Why are my tomatoes producing flowers but no fruit?
Fruit Set - The transition of a flower into a young fruit is very sensitive to several environmental factors over which gardeners have some control.
Following is a brief discussion of some of the causes of poor tomato fruit set with emphasis on urban gardening:
Temperature and Humidity: Daytime temperatures above 90°F and night temperatures above 70°F result in reduced flowering and fruit set. There is considerable evidence that night temperature is the critical factor in setting tomato fruit, the optimal range being 59° to 68°F. With night temperatures much below or above this critical range, fruiting is reduced or absent. Low temperatures reduce the production and viability of pollen. High temperature, especially if accompanied by low humidity and moisture, hinders fruit set through failure in pollination and/or fertilization.
Plant Nutrition: Reduced fruiting may result from either stunted or excessively vigorous vegetative growth. Injury from disease and insects, especially sucking insects such as aphids and thrips, can severely check growth. Inadequate moisture and/or available nitrogen can hinder growth and flower production. Conversely, abundant water and nitrogen can stimulate rapid vegetative growth with low levels of carbohydrates remaining for the normal processes involved in fruit set.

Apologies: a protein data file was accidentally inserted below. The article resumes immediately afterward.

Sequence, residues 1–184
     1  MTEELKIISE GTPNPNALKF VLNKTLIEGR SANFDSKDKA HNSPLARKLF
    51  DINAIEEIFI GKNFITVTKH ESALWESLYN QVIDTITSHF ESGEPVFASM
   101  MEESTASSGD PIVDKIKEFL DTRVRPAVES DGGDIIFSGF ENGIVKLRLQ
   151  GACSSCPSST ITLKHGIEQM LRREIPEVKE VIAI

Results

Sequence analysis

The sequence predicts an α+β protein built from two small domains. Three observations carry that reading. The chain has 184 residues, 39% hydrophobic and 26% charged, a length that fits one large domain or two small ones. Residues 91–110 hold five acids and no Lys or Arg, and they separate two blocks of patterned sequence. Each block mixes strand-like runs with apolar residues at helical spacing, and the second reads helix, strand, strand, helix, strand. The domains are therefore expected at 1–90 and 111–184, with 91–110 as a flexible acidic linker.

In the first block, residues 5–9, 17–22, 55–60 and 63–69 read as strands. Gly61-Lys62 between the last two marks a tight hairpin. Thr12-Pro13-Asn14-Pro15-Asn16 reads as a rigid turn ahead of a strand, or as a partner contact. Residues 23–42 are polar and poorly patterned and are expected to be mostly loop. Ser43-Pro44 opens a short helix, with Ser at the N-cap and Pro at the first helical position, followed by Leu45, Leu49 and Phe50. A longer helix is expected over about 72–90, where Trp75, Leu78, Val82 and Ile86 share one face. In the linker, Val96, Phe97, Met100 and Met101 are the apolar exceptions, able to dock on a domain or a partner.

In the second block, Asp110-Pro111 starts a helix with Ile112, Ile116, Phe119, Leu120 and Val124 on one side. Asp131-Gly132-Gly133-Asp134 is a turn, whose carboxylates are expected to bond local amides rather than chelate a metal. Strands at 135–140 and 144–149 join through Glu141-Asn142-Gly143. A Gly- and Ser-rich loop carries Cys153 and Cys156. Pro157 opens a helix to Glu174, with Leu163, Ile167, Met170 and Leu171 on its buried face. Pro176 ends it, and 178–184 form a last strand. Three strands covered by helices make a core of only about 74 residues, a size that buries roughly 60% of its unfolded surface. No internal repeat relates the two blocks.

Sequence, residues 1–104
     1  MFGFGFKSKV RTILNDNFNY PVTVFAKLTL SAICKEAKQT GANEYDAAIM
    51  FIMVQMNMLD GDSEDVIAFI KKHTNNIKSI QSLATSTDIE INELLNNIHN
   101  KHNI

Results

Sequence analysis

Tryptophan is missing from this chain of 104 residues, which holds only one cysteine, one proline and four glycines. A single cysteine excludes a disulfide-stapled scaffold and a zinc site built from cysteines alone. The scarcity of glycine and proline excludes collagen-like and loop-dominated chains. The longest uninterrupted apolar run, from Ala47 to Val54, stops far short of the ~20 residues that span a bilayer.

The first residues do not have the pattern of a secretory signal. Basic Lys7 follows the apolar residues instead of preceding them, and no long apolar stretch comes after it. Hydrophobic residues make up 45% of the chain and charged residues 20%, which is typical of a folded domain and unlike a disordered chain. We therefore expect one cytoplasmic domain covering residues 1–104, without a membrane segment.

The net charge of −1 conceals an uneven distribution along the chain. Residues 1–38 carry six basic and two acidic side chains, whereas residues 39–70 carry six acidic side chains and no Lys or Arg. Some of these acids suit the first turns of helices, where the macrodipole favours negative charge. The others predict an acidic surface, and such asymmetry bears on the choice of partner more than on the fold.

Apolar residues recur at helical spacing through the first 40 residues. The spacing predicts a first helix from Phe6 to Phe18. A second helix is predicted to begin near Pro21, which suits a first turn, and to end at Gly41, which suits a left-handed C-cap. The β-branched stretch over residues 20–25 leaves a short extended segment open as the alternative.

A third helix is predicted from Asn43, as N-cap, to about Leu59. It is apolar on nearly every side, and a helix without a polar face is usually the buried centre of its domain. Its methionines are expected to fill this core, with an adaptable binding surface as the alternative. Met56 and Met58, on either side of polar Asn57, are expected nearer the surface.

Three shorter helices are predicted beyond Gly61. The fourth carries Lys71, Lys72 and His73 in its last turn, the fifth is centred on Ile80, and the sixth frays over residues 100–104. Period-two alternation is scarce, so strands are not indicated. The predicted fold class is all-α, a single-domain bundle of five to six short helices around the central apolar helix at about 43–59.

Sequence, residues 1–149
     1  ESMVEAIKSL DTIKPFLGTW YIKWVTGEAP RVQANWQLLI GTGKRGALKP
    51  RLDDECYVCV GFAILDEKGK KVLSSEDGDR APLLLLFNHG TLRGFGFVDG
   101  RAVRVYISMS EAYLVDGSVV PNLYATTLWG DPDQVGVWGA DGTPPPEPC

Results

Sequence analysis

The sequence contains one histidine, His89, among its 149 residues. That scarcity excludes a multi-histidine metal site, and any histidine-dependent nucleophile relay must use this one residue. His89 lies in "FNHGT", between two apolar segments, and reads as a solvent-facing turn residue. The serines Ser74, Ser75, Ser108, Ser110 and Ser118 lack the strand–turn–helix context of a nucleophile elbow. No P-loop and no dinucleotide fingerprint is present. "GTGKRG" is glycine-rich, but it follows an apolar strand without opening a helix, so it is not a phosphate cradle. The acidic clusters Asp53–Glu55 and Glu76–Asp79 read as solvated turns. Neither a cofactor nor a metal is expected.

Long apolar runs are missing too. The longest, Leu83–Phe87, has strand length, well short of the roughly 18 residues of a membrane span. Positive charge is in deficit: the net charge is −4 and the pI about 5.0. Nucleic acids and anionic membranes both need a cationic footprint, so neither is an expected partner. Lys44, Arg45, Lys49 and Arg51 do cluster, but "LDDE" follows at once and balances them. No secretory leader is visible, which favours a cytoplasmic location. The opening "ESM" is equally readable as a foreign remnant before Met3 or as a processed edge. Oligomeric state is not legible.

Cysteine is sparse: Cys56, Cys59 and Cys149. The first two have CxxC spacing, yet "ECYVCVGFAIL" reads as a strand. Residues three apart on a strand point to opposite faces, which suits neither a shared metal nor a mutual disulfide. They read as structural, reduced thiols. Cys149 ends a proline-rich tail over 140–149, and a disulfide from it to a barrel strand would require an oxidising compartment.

Garden sites located on heavy subsoils are infertile and poorly drained. Gardeners create faulty nutrition by either not applying any fertilizer or by adding too much. In addition, water for irrigation is often not available during times of drought.
Photoperiod (length of day): Although the tomato plant can flower and fruit at any daylength (day neutral plant), fruit set has been shown to be retarded under continuous light. Thus, tomato fruit set may be reduced under the continuous illumination characteristic of some environments.